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Non-melanoma skin cancer (NMSC) is the most common malignancy with annually rising incidence. The aim of this study was to estimate the association between three coding polymorphisms (Arg399Gln, Arg194Trp, and Arg280His) of the DNA repair gene X-ray repair cross-complementing group 1 (XRCC1) and NMSC susceptibility.
Online databases were searched to retrieve case–control studies published between January 2000 and November 2016. Pooled odds ratio (OR) and 95% confidence interval (CI) were employed to assess the strength of association. Overall, 10 relevant studies were finally included for analysis, including 3,143 NMSC patients and 3,540 controls. For each polymorphism of XRCC1 gene, there were 3,050 cases and 3,463 controls for Arg399Gln, 914 cases and 1,182 controls for Arg194Trp, and 279 cases and 413 controls for Arg280His.
Our results showed that these three polymorphisms in the XRCC1 coding region were not associated with increased risk of NMSC in the total studied population. However, subgroup analysis by ethnicities demonstrated that Gln/Arg genotype of Arg399Gln polymorphism was associated with increased risk of NMSC under the heterogeneous model in Asian populations (Gln/Arg vs Arg/Arg: OR =1.39, 95% CI =1.04–1.87, P=0.03); subgroup analysis by tumor types showed that Trp/Trp genotype of Arg194Trp was positively associated with decreased cancer risk in squamous-cell skin cancer (SCC) type under the homogeneous model (Trp/Trp vs Arg/Arg: OR =0.38, 95% CI =0.16–0.92, P=0.03).
Our results suggested that Arg399Gln variant of XRCC1 gene might be a risk factor for NMSC in Asian populations, and Arg194Trp variant of XRCC1 gene might be a protective factor for patients with SCC. In addition, future case–control studies are still needed to further evaluate the effect of XRCC1 polymorphisms in NMSC risk.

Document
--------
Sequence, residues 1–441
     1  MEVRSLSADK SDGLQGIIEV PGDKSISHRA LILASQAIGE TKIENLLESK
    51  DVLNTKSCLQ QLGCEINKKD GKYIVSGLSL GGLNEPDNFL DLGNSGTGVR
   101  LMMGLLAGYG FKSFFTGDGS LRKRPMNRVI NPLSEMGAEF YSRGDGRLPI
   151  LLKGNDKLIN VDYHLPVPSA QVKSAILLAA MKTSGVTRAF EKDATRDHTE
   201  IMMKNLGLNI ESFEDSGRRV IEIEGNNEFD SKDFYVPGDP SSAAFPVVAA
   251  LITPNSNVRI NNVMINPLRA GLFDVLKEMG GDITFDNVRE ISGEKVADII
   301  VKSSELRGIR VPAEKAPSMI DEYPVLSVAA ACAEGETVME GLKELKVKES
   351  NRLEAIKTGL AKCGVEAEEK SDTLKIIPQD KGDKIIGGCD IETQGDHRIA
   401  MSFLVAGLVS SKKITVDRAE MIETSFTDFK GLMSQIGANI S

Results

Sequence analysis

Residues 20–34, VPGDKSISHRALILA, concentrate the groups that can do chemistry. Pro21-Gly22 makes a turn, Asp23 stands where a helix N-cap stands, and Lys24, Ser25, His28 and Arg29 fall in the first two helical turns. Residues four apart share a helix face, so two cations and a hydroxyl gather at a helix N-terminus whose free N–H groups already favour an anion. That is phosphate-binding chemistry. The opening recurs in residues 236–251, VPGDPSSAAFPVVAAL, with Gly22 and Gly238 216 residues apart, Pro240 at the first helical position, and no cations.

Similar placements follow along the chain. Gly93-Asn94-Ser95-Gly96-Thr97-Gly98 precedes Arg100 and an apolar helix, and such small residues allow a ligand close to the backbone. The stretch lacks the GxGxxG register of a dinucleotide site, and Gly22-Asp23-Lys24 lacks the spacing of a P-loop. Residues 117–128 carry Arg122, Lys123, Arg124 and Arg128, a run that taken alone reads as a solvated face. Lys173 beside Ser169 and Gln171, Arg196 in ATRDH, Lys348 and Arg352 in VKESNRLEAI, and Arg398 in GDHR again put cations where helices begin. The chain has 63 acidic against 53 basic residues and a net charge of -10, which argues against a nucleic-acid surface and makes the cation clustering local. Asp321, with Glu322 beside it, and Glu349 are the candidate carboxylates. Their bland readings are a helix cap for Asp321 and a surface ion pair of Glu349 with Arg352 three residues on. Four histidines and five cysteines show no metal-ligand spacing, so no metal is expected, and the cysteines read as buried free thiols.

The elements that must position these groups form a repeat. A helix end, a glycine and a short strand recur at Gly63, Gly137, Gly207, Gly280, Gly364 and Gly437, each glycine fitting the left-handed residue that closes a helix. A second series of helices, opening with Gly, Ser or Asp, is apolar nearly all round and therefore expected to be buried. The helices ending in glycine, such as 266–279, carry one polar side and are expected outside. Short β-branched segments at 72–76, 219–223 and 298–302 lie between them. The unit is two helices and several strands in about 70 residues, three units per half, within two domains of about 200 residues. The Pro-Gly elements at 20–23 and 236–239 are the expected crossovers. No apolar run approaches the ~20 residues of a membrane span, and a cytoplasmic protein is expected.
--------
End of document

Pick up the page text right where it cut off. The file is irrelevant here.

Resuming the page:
Skin cancer is one of the most frequent malignant diseases that arise from the skin in humans.1 It is categorized into three main types: basal-cell skin cancer (BCC), squamous-cell skin cancer (SCC), and melanoma.2 Non-melanoma skin cancer (NMSC) is the most commonly diagnosed cancer in white-skinned individuals with a worldwide increasing incidence.3 It comprises BCC and SCC, as well as a host of rare tumors.4 BCC and SCC together account for 95%–98% of all NMSC cases: the former is characterized by local invasiveness with rare metastasis; the latter has a higher metastatic potential and is responsible for the majority of deaths from NMSC.5 The incidence of NMSC has been rising by 3%–8% per year since 1960, with as much as 300% increase in the past 2 decades.6 Moreover, recent estimates demonstrate that more cases of NMSC have occurred in the past 30 years than all other forms of cancer combined.7 The rising incidence rates of NMSC are probably caused by a combination of increased exposure to ultraviolet (UV) or sun light, ozone depletion, genetics, and immune suppression.8 There are many approaches to the management of NMSC,9 but the current treatment is limited due to low complete clearance rates.10 In addition, treatment of NMSC is substantial and increasing, posing a considerable burden on the health care system.11 Therefore, there is an urgent need to identify particular biomarkers that can predict this disease and guide the treatment options.